Holocene uses synths, electronic percussion, and brass as complementary additions to The Ocean‘s signature post-metal sound, for what is perhaps their most experimental record yet.

Release date: May 19, 2023 | Pelagic Records | Website | Bandcamp | Facebook

The Ocean is a German post-metal band that was formed in 2000. Their early, sludgy roots eventually began to morph alongside the incorporation of more atmospheric and progressive elements into their music, creating a unique blend of heavy and experimental sounds. One of the band’s most notable changes came with the release of their 2007 album Precambrian, which featured a 15-piece orchestra and a choir. This marked a new level of ambition for the band, and they continued to push the boundaries of their sound with subsequent releases.

Today, The Ocean is known for their epic, sprawling compositions that take listeners on a journey through different moods and textures. Their newest album, and the subject of today’s review, is no different. Holocene, the follow-up to their Phanerozoic double album and the finale of the band’s paleontology-inspired albums, incorporates more synths, electronics, and brass instruments than ever. The result is a record that shows a band refusing to stagnate, even more than two decades into their career. Of course, with experimentation comes some risks.

You may recall that 2020’s Phanerozoic II: Mesozoic | Cenozoic ended with a track called “Holocene”, clearly hinting at this next step in the band’s conceptual vision. “Preboreal” picks up there, with some oscillating synths that evoke comparisons to The Ocean’s most recent records. As such, alongside Loïc Rossetti’s singular vocal style, this track feels tonally consistent for the band despite its synth foundation. This approach was in fact foundational, and counter, to the band’s previous compositional approach, as guitarist Robin Staps explains:

‘The writing process of every album we’ve ever made started with me coming up with a guitar riff, a drumbeat or a vocal idea. This album is different since every single song is based on a musical idea that was originally written by Peter (Voigtmann, synths). He came up with these amazing synth parts that were already sounding huge in pre-production, and he sent me some of those raw, unfinished ideas during mid lockdown 2020… and while it was all electronic, it had that definite Ocean vibe to it. It made me want to pick up my guitar instantly… and so I did, and it didn’t take long until we had an inspiring creative exchange that was heading towards totally unforeseen but very exciting places.’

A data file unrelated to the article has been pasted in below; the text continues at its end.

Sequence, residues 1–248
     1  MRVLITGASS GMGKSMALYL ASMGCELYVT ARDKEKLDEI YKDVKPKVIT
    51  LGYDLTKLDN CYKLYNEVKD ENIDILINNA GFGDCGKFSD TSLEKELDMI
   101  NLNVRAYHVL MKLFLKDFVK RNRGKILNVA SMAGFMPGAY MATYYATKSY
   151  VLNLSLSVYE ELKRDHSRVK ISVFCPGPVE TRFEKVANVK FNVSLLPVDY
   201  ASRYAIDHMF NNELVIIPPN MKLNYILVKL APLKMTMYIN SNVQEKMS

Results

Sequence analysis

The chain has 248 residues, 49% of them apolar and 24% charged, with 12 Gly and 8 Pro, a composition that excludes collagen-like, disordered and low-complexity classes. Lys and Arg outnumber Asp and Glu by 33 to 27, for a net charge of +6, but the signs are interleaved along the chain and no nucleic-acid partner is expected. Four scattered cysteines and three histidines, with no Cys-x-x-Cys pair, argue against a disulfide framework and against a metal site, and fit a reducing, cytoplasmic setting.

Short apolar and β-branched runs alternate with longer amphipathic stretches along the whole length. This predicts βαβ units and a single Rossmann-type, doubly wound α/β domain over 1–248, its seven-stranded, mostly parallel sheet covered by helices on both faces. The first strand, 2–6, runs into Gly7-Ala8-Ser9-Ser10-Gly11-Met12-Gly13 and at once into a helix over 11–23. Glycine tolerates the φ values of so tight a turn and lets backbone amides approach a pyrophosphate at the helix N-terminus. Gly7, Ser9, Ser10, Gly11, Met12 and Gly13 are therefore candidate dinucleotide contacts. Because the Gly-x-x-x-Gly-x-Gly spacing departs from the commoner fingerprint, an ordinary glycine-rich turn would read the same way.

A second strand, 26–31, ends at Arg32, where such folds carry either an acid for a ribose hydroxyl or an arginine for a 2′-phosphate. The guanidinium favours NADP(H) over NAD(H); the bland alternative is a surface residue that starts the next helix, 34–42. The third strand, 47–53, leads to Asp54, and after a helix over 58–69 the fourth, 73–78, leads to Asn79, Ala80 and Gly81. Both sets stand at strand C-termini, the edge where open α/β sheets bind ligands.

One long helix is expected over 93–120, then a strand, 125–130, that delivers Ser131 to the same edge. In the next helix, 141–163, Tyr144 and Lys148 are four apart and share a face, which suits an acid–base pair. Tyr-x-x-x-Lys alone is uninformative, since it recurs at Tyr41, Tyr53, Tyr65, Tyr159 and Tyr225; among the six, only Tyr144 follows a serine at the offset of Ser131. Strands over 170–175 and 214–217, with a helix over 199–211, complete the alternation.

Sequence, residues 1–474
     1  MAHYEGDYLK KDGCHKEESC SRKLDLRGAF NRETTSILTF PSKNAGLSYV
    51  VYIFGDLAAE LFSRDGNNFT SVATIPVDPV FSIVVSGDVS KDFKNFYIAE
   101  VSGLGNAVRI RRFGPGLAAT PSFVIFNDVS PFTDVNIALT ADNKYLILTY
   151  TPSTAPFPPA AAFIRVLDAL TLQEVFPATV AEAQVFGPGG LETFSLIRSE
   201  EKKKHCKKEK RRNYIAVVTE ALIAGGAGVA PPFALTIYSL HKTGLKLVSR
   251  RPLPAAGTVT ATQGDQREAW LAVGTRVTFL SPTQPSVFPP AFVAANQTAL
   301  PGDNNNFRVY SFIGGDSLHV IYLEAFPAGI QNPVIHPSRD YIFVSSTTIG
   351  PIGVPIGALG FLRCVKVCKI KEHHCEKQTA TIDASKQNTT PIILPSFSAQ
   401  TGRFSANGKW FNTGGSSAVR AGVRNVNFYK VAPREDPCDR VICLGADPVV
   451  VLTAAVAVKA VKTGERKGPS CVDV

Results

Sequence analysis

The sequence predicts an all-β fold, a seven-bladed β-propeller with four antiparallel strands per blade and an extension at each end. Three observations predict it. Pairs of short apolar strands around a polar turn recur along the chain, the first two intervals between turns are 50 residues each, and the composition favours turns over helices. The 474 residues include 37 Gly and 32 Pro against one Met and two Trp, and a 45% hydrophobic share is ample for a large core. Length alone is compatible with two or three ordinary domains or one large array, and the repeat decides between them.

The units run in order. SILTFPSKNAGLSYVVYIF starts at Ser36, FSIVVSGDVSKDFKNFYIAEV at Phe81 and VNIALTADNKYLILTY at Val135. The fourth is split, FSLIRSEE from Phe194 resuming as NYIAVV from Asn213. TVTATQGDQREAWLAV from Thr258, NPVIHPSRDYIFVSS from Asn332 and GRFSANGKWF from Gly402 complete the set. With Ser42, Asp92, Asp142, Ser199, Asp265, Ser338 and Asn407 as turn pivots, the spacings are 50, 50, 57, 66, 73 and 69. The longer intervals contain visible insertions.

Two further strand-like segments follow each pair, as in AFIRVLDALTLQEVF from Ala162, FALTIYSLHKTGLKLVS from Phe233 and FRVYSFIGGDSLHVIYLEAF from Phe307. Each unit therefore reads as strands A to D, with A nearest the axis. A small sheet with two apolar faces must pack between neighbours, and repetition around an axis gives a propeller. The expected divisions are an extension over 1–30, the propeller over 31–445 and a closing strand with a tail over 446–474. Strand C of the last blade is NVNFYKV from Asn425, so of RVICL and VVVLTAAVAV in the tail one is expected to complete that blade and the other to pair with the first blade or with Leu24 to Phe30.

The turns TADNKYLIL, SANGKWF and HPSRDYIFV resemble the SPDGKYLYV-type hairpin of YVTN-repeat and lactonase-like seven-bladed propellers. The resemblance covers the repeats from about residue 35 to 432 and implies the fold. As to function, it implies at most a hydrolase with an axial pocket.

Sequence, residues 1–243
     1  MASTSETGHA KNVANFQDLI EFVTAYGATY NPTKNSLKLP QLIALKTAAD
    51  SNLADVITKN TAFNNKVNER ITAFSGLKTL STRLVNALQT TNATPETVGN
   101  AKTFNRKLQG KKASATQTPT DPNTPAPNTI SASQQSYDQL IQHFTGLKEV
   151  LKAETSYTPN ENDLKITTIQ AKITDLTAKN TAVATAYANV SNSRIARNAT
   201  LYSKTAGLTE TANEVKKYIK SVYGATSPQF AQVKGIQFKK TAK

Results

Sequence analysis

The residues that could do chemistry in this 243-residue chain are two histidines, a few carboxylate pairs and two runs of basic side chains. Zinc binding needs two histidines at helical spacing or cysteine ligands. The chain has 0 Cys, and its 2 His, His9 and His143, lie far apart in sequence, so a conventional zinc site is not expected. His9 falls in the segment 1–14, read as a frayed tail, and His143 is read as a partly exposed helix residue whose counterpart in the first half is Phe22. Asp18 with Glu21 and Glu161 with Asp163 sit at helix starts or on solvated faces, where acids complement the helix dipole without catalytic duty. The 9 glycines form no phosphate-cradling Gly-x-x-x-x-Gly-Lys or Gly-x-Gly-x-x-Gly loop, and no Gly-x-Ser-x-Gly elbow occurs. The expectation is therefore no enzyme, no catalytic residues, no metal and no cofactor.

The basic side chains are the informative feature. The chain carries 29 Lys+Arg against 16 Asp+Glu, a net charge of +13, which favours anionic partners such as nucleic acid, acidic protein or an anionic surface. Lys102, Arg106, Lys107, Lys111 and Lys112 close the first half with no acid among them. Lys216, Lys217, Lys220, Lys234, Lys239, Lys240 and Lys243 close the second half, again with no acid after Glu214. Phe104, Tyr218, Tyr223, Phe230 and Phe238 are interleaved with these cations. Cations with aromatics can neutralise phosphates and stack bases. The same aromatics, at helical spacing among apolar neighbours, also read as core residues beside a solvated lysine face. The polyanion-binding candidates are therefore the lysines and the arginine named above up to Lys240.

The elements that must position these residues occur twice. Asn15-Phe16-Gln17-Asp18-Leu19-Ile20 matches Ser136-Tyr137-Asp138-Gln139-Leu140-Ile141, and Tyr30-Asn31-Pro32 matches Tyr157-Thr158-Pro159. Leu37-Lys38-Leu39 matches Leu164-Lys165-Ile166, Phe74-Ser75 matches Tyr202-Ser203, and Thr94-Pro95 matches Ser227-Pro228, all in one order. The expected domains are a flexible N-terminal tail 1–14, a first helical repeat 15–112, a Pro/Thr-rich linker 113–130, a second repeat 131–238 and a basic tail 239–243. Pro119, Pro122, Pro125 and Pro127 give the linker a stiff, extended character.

The band cites Massive Attack as an influence on this record, alongside Nine Inch Nails and Radiohead. The electronic percussion, industrial influences, and synths from Voigtmann are just as present on the album as their more traditional guitar, drums, bass, and harsh vocal approach. Of course, we do not actually hear these more aggressive vocals from Rossetti until the fourth of Holocene’s eight tracks. Even the aforementioned “Atlantic” does not start in a heavy place, instead again building from a foundation of minimalist percussion, key layers, and Rossetti’s conceptual lyrics. However, as the nearly 9-minute track unfolds, Mattias Hägerstrand and Paul Seidel weave in some Tool-esque interlocking bass and drum performances (respectively) before again withdrawing into synths and ringing guitars. Eventually, we encounter a climactic, heavy final third act for the song.

This album centers around the holocene, which is our current age. The band describes the record conceptually as:

Holocene is an appendix to the 2 Phanerozoic albums and Precambrian, or the final and concluding chapter, making it a quadrilogy… It’s tackling the holocene epoch, which is the current and shortest chapter in earth’s history, but it is essentially an album about the angst, alienation, loss of reason and critical thinking, rise of conspiracy theories and deconstruction of values in the modern age.’

This bleak view is perfectly conveyed by the mournful, reflective pace of the record. “Unconformities”, featuring unique, haunting vocals from guest Karin Park, seems to capture this mournful core as they float atop a bed of horns and syncopated rhythms. However, the track explodes in a heavier direction alongside the evolution of Rossetti’s screamed refrain ‘Don’t turn on the bright lights’.

At eight tracks and just over 50 minutes in length, The Ocean understands how to be expansive and exploratory without fatiguing their listeners. Especially considering the pessimistic restraint of the record, their choice to focus on eight interconnected songs allows the themes and impact of the record to remain focused. Holocene is certainly one of the most experimental records I have heard from The Ocean. For fans who enjoy that adventurous facet of their sound, there is much to enjoy and analyze here. For those wishing for a more consistently heavy record, there may be a bit more ambiance and synths to wade through than desired. However, regardless of what draws you to The Ocean, the band has to be commended for their ongoing commitment to making progressive music and never resting on their substantial laurels.

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